You may view the 5 minute update this week via audio:
1) Listen to the audio
In this week’s 5 minute update, we focused on:
1) The current status of the nuclear deal agreement between Iran and the P5 + 1 powers
On July 20, the UN Security Council unanimously adopted a resolution endorsing the Iran nuclear deal and paving the way to lifting longstanding sanctions on it. The vote was 15-0. As a result of the vote, the international community will remove punishing economic sanctions on Iran in exchange for temporary curbs on its nuclear activity. The agreement will now go before the US Congress for approval. A vote is expected by the end of September.
In Iran accepting this nuclear deal, Iran has only agreed to temporary curbs on its nuclear program but it has not abandoned atomic research and long-term uranium enrichment plans. When various nuclear experts examined the details of the 159-page nuclear deal, they warned that it ignores various key aspects of Irans’s nuclear program and that the lifting of arms sanctions may pave Iran’s path to nuclear-capable missiles. A glaring omission is seen in the absolute lack of any reference to the highly covert Parchin military base located southeast of Iran which is suspected of being the center of Iran’s secret nuclear weapons program according to the International Atomic Energy Agency (IAEA). IAEA reports in November 2011 pointed to nuclear weapons development previously conducted at the site and a 2012 IAEA report likewise confirmed explosives containment vessels were at the site and likely used to test nuclear detonations. Iran has repeatedly refused IAEA requests to inspect Parchin.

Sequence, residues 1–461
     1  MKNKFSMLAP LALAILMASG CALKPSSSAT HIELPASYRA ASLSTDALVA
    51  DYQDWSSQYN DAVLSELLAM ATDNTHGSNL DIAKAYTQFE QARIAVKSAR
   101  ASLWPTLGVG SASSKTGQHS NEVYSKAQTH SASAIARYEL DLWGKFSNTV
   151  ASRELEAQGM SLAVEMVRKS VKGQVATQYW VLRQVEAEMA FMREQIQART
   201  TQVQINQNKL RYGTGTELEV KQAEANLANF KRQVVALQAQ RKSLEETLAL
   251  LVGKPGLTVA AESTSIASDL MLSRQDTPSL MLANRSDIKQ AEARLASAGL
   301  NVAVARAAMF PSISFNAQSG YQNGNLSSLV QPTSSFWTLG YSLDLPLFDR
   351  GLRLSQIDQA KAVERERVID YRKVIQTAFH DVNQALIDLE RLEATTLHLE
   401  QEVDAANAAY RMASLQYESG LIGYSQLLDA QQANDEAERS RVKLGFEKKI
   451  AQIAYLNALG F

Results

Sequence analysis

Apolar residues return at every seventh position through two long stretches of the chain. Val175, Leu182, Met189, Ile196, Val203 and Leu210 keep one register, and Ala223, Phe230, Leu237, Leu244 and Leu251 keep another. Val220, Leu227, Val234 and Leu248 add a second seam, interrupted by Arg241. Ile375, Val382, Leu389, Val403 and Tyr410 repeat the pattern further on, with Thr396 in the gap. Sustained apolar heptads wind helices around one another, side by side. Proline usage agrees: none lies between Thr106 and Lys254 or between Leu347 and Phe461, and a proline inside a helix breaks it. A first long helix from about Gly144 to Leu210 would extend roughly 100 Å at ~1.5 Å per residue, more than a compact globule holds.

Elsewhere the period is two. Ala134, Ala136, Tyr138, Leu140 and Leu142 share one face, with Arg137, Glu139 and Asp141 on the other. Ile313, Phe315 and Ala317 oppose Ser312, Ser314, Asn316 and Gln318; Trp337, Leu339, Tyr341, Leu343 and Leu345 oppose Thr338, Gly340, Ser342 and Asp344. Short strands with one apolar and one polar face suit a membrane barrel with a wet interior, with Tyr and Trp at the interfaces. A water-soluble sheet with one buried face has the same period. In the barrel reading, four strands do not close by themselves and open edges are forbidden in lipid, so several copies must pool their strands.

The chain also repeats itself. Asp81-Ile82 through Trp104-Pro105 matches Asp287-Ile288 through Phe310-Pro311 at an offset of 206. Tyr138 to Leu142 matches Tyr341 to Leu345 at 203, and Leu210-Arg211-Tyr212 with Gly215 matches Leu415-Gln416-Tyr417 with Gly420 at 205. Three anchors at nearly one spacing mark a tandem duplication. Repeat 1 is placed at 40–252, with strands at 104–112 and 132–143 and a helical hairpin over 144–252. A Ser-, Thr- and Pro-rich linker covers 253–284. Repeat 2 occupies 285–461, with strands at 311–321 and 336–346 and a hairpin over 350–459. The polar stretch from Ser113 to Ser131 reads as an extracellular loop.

Not only does the deal not directly address military aspects of Iran’s nuclear program but critics warn it contains several loopholes that will greatly limit its effectiveness in stopping Iran’s march to a nuclear weapon. For one, the agreement calls for Iran’s “voluntary” compliance with the terms of the deal in several places instead of implementing mandatory steps Iran must fulfill.
What’s more, a section of the deal may allow Iran to avoid revealing its past nuclear weapons testing stating that Iran “may propose to the IAEA alternative means of resolving the IAEA’s concerns that enable the IAEA to verify the absence of undeclared nuclear materials and activities inconsistent with the JCPOA (Joint Comprehensive Plan of Action) at the location in question.” The deal also includes removing a large number of sanctions, including those targeting Parchin Chemical Industries (PCI), which operates sites at the Parchin base and is thought to be highly involved in the covert nuclear weapons program.
Aside from Parchin, experts were alarmed to see that the nuclear deal does not directly impose limits on or even reference the Russian-made Bushehr nuclear power plant which they warn can produce enough plutonium for a large number of atomic weapons. Regarding plutonium, after 15 years the deal stipulates that Iran will be able to “engage in producing or acquiring plutonium or uranium metals or their alloys,” and likewise conduct research and development “on plutonium or uranium (or their alloys) metallurgy, or casting, forming, or machining plutonium or uranium metal.”
At the Natanz nuclear facility, a limitation on 5,060 centrifuges in 30 cascade units will cease in ten years, and after 15 years Iran will be able to enrich uranium over 3.67% – a 20% enrichment is needed to build nuclear weapons. In eight years, Iran can start producing up to 200 partial advanced centrifuges each year, and two years later it can construct complete advanced centrifuges.